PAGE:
Wednesday, December 07, 2011

Warts and All Zappadan

Although Zappadan is a celebration of many aspects of Zappa's life, like every other human, sometimes Frank was full of shit.

He was notoriously "anti-drug". I remember a Saturday Night Live appearance when he declared "I don't do drugs, man", and all the kiddies laughed because he looked like a long haired hippy, and he's a musician, and my god, did you hear those lyrics, he must be on drugs!



The truth is, Zappa was a drug addict, and his drug of choice was Tobacco. I think it was in The Real Frank Zappa Book (it's been 15 years or so since I read it, so correct me if I'm wrong) where he tried rationalizing his addiction to nicotine, calling it "like a food, it's part of my metabolism." Spoken like a true junky! Take away his fix in the middle of a tour and see how well he performs during all the withdrawal symptoms.




At Ketchup Is A Vegetable, Brady posted about Zappa and Unions.

This little clip is a gentle reminder that, although Zappadan is celebrated by a cadre of “liberal” bloggers, Frank Zappa’s politics were not always so cut and dried. Zappa considered himself a businessman before anything else and believed (rightly so, I reckon) that he would not be able to do what he did unless he could make money at it. True things, all. As this clip reminds us, though, Zappa also thought of himself as management, and he was not fond of (nor, I think did he actually understand) unions.


"Well, the fact of the matter is, I am The Dictator", says Zappa, before backpeddling on his own characterization, calling himself The Referee between The Band and The Audience. What a load of bullshit! Referees are neutral parties, and Zappa is obviously a participant with a vested interest.

Zappa says in the video that the people who find his attitude and work ethic toward the band (firing under performers) baffling are people with a "Union Mentality" of "Too many people do too little work for too much money and go on strike to get more days off." What a load of bullshit!

In The Real Frank Zappa Book (I gave my copy away 15 years ago to a hippy named Troll, so I can't look it up), Zappa devoted a few chapters to "Orchestral Stupidities", where he attempted to hire orchestras to play and record some of his compositions. Maybe it was the london orchestra, maybe it was in New York, but the musicians were unionized, and so Union contract rules were in effect, and that evidently rubbed Zappa the wrong way. I imagine he wanted to keep rehearsing something until they go it the way he wanted, until they got it "right", but you know, if the union says we're taking a 10 minute break every hour and a half hour break every 3 hours, and an hour for lunch, etc. that probably pissed off Frank to no end.

I can only imagine what other Union Atrocities Frank had to put up with. Did he hire Teamster Truckers to haul a semi full of band equipment, and they were booked one night in Denver and the next night in Minneapolis, and the truckers had the gall to stop driving after 10 hours and go to sleep for 8 hours, and they were late getting to the gig because they were following DOT regulations and Union Rules, not like the old days when some palooka named Larry rode the bus straight through from Memphis to Salt Lake without stopping?



In the song "Stick Together" Zappa trots out the old Unions=Mafia stereotype

This is a song about the union, friends
How they fucked you over and the way they bends
The rules to suit a special few
And you gets pooched every time they do

You know we gotta stick together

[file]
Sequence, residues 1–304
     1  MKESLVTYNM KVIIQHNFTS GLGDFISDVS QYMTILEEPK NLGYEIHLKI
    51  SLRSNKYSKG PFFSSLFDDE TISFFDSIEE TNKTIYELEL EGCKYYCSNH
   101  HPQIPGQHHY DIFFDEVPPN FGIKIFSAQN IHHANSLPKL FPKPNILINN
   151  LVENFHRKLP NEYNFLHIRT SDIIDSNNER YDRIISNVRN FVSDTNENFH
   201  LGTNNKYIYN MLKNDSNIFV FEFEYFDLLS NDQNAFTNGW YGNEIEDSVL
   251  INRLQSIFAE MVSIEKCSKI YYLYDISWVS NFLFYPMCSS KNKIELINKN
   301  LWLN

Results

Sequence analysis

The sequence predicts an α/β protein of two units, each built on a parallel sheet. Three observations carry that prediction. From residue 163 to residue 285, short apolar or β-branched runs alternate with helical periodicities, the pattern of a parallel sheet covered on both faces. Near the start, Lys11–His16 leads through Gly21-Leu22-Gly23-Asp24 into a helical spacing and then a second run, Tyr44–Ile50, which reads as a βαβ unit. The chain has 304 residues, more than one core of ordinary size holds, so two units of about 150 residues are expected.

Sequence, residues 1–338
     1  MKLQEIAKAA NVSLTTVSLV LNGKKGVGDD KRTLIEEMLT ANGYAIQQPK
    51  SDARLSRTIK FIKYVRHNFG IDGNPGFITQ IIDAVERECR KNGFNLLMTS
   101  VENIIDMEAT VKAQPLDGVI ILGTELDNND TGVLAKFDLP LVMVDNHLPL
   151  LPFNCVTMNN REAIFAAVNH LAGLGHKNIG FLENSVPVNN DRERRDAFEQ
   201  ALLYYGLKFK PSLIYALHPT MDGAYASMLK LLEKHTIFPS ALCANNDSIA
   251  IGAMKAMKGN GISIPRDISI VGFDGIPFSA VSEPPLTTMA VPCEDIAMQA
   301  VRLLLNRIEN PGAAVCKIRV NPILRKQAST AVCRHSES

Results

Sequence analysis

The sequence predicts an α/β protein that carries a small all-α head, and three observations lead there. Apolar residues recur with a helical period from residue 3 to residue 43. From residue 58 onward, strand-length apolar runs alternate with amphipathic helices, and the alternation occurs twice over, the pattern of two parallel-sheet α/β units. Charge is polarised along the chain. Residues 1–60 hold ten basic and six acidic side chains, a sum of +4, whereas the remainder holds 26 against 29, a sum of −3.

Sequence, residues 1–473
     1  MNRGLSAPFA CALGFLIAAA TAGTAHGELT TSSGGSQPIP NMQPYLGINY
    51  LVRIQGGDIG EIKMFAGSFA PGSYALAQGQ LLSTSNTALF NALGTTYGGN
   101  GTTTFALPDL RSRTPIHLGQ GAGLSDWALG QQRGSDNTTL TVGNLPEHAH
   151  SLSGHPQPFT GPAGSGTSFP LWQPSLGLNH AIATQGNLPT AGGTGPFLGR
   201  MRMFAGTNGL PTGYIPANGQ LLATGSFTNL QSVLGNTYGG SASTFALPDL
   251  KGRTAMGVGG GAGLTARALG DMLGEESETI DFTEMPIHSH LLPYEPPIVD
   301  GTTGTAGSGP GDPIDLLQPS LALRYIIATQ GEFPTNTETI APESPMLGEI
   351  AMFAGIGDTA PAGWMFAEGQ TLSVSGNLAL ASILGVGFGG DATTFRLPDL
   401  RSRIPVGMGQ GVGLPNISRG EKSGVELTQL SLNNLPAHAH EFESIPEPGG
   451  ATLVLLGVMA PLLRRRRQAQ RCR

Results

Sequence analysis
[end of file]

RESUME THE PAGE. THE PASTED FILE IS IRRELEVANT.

You know we gotta stick together
You know we gotta stick together
You know we gotta stick together

Once upon a time the idea was good
If only they'd a done what they said they would
It ain't no better, they's makin' it worse
The labor movement's got the Mafia curse

You know we gotta stick together
You know we gotta stick together
You know we gotta stick together
You know we gotta stick together

Don't be no fool, don't be no dope
Common sense is your only hope
When the union tells you it's time to strike
Tell the motherfucker to take a hike

You know we gotta stick together
You know we gotta stick together
You know we gotta stick together
You know we gotta stick together


Unions, like any other organization, are going to have their share of corrupt bastards, but "The Union" doesn't tell "The People" when to strike, "The People" are "The Union", and they vote on whether or not they will strike. Maybe if they have a Benevolent Referee Dictator for a boss, the workers don't feel a need for a union, but if your boss is a prick like Rupert Murdoch, perhaps you want to "Stick Together".

6 comments:

Fearguth said...

Now this is an example of what is truly 'fair and balanced'. Zappa was wrong about a lot of things. He scoffed at music-themed t-shirts, for example, claiming that people who wore them were 'insignoramuses'. But it's the things he was right about which made him great.

ifthethunderdontgetya™³²®© said...

I did not know this, zencomix.

It doesn't make me think less of Zappa's music, but it does make me think more about how fucked we are and how it's still getting worse, etc.
~

zencomix said...

Agreed, Fearguth. The art is not the artist, and we all have our shortcomings. I'm reminded of the Vonnegut biography, And So It Goes. Player Piano is one of my favorite books, but why would the guy who lived through Dresden and write about it in Slaughterhouse 5 have investments in Dow Chemicals, the makers of napalm?

ITTDGY, I don't think any less of Zappa's music either, but I also don't like every note he ever wrote or played, though. I think it was Mark Hoback a few years ago who poked a little fun at the colossally mediocre-to-bad album "Studio Tan". I love Zappa to death, but he's not immune to criticism.

Fearguth said...

Re: Vonnegut - There is a hypocrisy gene and we all have it.

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